In disputed Nagorno-Karabakh, rivals blame each other for breaking the ceasefire within minutes of its coming into effect.
In the volatile Nagorno-Karabakh area, called Artsakh by ethnic Armenians, Azerbaijan and Armenia accused each other of immediately breaking the terms of a ceasefire, raising concerns on how important the ceasefire, negotiated by Russia, will turn out to be.
The ceasefire, finally won after President Vladimir Putin’s groundbreaking talks in Moscow, was intended to stop the war and allow ethnic Armenian forces and Azerbaijani forces to exchange hostages dead in the Nagorno-Karabakh war.
Although both sides blamed each other for violating it within minutes of the ceasefire taking effect from midday on Saturday (08:00 GMT).
Azerbaijan was accused of shelling a settlement within Nagorno-Karabakh by the Armenian defense ministry, while ethnic Armenian forces in Nagorno-Karabakh alleged that Azeri troops conducted a new offensive five minutes just after the ceasefire.
Azerbaijan confirmed enemy forces were striking Azeri territories in the disputed region. Both sides have repeatedly dismissed each other’s arguments on military action.
Nagorno-Karabakh is recognized as part of Azerbaijan by international legislation.
But ethnic Armenians, who comprise the majority of the people after the occupation of the territory in the 90s, oppose the rule of Azerbaijan and, with the help of Armenia, have been conducting their own affairs after a bloody conflict in the 1990s after the fall of the Soviet Union.
Russian Foreign Minister Sergey Lavrov, who supported initiate the ceasefire negotiations in Moscow, stated previously on Saturday in a tweet that the agreement was decided on humanitarian grounds.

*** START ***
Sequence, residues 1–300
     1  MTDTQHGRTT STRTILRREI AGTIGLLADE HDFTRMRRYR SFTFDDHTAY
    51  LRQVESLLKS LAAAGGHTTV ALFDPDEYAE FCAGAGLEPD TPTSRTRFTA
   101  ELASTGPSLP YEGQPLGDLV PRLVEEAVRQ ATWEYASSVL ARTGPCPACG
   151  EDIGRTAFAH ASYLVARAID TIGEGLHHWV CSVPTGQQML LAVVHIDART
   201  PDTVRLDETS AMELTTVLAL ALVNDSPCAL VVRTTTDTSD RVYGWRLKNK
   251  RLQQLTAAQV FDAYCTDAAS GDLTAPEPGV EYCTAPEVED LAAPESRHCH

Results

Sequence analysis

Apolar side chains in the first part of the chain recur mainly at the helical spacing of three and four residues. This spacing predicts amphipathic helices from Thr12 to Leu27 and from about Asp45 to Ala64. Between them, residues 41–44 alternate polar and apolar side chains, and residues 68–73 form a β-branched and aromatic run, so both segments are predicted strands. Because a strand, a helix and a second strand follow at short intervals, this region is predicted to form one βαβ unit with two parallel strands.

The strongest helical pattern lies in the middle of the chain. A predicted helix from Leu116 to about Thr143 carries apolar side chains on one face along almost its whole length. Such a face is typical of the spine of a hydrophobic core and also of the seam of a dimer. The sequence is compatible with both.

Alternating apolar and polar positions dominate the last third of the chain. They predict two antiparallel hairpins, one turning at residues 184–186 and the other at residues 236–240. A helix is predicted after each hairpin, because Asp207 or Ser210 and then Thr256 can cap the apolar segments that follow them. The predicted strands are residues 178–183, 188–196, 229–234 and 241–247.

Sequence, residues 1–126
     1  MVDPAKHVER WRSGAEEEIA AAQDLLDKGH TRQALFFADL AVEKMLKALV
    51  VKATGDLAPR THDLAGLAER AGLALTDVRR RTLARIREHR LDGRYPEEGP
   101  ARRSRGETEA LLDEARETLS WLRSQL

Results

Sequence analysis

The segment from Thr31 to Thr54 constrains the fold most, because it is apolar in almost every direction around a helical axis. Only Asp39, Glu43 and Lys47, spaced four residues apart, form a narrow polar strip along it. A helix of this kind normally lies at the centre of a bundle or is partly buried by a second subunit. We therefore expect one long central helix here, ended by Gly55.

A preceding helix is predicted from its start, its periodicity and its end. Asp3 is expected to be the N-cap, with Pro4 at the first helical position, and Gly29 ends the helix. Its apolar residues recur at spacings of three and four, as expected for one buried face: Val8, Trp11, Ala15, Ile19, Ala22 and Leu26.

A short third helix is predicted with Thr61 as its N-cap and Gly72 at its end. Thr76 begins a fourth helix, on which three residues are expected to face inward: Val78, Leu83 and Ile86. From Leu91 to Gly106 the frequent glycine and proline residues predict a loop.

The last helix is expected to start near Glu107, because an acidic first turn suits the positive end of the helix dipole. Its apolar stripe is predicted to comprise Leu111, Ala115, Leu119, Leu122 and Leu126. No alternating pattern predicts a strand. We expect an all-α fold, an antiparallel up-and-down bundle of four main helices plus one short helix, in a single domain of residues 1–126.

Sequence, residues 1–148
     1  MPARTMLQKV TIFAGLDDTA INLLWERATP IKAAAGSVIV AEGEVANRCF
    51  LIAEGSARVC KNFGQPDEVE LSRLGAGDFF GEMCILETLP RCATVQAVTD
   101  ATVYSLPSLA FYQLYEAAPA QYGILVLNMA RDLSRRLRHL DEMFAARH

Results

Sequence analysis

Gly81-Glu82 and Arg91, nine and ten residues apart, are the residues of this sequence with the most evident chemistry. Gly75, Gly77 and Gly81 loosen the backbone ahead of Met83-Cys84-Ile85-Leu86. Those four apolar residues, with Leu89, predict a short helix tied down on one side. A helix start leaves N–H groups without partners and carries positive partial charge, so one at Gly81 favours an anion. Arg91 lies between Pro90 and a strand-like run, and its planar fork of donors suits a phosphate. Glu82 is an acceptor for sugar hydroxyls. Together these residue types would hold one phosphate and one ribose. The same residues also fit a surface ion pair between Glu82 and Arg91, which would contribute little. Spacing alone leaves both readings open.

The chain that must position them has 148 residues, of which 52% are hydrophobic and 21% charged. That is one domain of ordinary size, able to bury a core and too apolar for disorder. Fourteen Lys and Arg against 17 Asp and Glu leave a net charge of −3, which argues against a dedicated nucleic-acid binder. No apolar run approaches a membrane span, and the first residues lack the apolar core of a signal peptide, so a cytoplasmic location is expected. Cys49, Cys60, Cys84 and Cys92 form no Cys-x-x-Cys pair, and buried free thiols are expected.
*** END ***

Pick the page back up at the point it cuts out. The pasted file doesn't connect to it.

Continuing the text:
The Red Cross International Committee will help to make the ceasefire work, he added.
“It is still important to negotiate on the clear terms of the ceasefire,” said Lavrov, who said that the two countries had both accepted to enter into what he termed meaningful peace negotiations to be held under the pretense of the Minsk Group of the Organization for Security and Cooperation in Europe (OSCE).
Yet Bernard Smith of Al Jazeera, speaking previously on Saturday from Stepanakert, said the truce had been broken. To what degree or extent, “he said,” is not immediately apparent.
In the meantime, Azeri President Ilham Aliyev addressed Russia’s RBC news organization that the warring sides were now involved in attempting to reach a diplomatic solution, but indicated more violence would be on the way.
He added, “We’ll go to the very end and have what belongs rightfully to us.”
Foreign Minister Jeyhun Bayramov of Azerbaijan also said the “humanitarian truce” would only last as long as it took the Red Cross to arrange for the dead to be exchanged.
He stated, addressing at a meeting in Baku, that the status quo on the ground in the mountainous region didn’t represent his country’s interests. Azerbaijan aimed to gain possession of more territories in time and intended to do so.
Sinem Koseoglu of Al Jazeera, reporting from Tartar in Azerbaijan, said the ceasefire “was also not embraced by the Azeri people.”
After 30 years, they believe … this is the first time they have the advantage. Many with more advanced weapons have military strength.
Additionally, in a telephone conversation on Saturday, Iranian President Hassan Rouhani and his Russian partner addressed the new developments in Nagorno-Karabakh.
Rouhani praised the ceasefire and said that Iran remains prepared to promote a negotiated settlement, but persistent concerns about the alleged deployment of foreign fighters have been raised.
As per the Iranian President’s webpage, “the involvement of terrorists in the confrontation can be risky for Iran and Russia and the whole country,” Rouhani stated.
On the other side, Putin allegedly updated Rouhani on Russian dispute peace negotiations and said that he respected Iranian concerns.
“All neighboring countries must endeavor to end war and violence and, through mediation, aim for dispute resolution,” he was reported as telling.Armenia-suspends-the-accreditation-of-a-journalist/